Last week, Jeff Bezos became the second-richest person in the world, with a net worth of $76 billion. If Amazon’s stock continues its meteoric rise, Bezos could soon surpass Bill Gates, whose fortune is worth $83 billion, to become the world’s wealthiest person.
Today Amazon is a powerhouse that sells everything from e-books to diapers, so it’s easy to think its rise was inevitable. But Amazon almost didn’t make it. During the dot-com boom of the 1990s, the company posted larger and larger losses, financed by investor funds that came pouring in. But the mood of the market turned abruptly in 2000, catching many companies off guard.
So how did Amazon survive the bust? History doesn’t necessarily point to having the best idea or the savviest management. To a large extent, Amazon got lucky by raising a ton of money right before the market crashed, giving the company the cushion it needed to ride out the turmoil of the early 2000s. It’s a good reminder that the fate of high-flying, money-losing startups like Uber or Snap may depend as much on luck as on the skill of their CEOs.
Bezos biographer Brad Stone explained in his 2013 book how close Amazon came to going bankrupt in the wake of the 2000 market crash:
Early in 2000, Warren Jenson, the fiscally conservative new chief financial officer from Delta and, before that, the NBC division of General Electric, decided that the company needed a stronger cash position as a hedge against the possibility that nervous suppliers might ask to be paid more quickly for the products amazon sold. Ruth Porat, co-head of Morgan Stanley’s global-technology group, advised him to tap into the European market, and so in February, Amazon sold $672 million in convertible bonds to overseas investors. This time, with the stock market fluctuating and the global economy tipping into recession, the process wasn’t as easy as the previous fund-raising had been. Amazon was forced to offer a far more generous 6.9 percent interest rate and flexible conversion terms — another sign that times were changing. The deal was completed just a month before the crash of the stock market, after which it became exceedingly difficult for any company to raise money. Without that cushion, Amazon would almost certainly have faced the prospect of insolvency over the next year.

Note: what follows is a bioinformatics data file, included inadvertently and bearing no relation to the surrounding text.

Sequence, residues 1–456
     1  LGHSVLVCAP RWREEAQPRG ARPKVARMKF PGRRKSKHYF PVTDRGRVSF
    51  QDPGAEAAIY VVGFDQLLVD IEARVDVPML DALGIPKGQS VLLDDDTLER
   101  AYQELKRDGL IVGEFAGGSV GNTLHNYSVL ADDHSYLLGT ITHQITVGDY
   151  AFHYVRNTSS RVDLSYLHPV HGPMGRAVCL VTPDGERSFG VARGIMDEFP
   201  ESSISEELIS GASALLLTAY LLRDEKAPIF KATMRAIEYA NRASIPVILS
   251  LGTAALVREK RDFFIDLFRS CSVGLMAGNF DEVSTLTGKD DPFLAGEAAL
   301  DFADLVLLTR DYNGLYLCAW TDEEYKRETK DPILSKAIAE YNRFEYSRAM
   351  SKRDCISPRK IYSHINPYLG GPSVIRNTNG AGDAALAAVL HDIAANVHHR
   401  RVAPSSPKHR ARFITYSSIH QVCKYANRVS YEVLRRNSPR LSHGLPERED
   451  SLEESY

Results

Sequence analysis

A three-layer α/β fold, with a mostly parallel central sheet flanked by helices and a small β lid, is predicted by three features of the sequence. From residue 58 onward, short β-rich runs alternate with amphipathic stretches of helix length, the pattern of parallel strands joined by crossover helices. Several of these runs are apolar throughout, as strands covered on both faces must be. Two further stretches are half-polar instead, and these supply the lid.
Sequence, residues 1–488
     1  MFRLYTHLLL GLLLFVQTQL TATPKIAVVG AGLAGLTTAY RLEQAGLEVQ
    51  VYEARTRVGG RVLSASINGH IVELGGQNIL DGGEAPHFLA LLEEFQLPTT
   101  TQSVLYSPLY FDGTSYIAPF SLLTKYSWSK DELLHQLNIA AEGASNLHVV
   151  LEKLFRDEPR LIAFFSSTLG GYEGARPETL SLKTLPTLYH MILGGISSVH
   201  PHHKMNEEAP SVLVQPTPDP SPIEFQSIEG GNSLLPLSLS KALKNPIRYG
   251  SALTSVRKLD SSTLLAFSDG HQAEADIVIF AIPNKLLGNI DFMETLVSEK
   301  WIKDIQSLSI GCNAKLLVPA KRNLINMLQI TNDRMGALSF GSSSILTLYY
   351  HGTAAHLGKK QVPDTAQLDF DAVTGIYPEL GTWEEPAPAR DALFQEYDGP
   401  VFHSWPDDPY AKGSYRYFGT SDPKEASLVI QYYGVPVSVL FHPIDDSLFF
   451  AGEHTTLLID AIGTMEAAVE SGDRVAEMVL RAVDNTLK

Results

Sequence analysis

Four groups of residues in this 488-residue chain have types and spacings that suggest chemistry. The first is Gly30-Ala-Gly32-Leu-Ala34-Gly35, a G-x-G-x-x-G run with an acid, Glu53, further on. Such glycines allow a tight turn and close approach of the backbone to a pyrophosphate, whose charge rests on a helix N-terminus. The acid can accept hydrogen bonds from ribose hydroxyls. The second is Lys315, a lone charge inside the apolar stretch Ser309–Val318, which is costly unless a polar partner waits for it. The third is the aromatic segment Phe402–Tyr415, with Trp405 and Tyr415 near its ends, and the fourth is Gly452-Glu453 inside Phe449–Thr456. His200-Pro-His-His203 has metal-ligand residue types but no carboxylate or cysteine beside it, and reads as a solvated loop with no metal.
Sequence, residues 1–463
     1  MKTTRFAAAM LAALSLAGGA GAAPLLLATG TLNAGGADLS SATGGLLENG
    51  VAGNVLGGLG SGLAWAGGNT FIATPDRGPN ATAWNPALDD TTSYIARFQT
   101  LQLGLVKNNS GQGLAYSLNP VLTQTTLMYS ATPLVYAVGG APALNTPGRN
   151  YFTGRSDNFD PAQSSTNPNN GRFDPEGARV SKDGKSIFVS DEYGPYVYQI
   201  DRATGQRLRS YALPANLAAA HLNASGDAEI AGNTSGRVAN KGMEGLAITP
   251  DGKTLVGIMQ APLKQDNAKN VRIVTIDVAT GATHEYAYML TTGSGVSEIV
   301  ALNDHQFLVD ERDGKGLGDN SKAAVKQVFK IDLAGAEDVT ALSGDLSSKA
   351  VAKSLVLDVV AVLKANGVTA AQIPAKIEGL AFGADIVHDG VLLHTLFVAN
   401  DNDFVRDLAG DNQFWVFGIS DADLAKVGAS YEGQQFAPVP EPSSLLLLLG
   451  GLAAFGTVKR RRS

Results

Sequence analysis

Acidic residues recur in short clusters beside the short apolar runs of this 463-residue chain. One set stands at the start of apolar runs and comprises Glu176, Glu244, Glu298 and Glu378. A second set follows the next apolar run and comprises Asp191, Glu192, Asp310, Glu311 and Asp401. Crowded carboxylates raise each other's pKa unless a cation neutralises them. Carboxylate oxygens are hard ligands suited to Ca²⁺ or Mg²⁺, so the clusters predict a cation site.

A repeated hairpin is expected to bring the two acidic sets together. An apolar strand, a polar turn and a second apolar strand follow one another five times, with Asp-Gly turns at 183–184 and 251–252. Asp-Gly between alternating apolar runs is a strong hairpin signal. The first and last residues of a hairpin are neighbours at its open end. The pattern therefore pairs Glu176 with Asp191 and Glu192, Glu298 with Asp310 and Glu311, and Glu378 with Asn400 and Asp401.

If Bezos and his team had waited a few weeks longer to raise those extra funds, people today would lump Amazon in with other dot-com-era failures like Webvan, Kozmo, and Pets.com — big-spending companies with unworkable business models that collapsed under their own weight.
Interestingly, a lot of what ultimately made Amazon successful was invented only after the dot-com crash. For example, Bezos has tried to nurture innovation within Amazon by breaking the company into “two-pizza teams” — teams small enough to feed with two pizzas — that operated autonomously and were held accountable for their results. According to Stone, he only announced these ideas in 2002.
Another key insight that crystallized only after the dot-com crash was the idea that Amazon could be a platform to support others businesses. Marketplace, Amazon’s platform for third parties to sell used books (and later lots of other stuff), launched in November 2000. Amazon debuted Prime in 2005, and later opened up its two-day shipping technology to some third-party sellers. Amazon Web Services, which allow third parties to build websites using Amazon’s own infrastructure, didn’t launch until 2006.
This has interesting implications for Uber, a company that — like Amazon at the turn of the century — has suffered mounting losses as it has grown. There’s a lot of reason to be pessimistic about Uber, which has suffered a series of largely self-inflicted setbacks — from sexual harassment allegations to accusations of stolen technology — in recent months.
But fundamentally, Uber is the dominant company in a big market that’s likely to grow even more in the coming years. CEO Travis Kalanick has made a lot of mistakes, but with tenacity, time, and some luck, he may be able to — like Jeff Bezos 15 years ago — change the company’s culture and prove the doubters wrong. After all, Amazon wasn’t perfect either.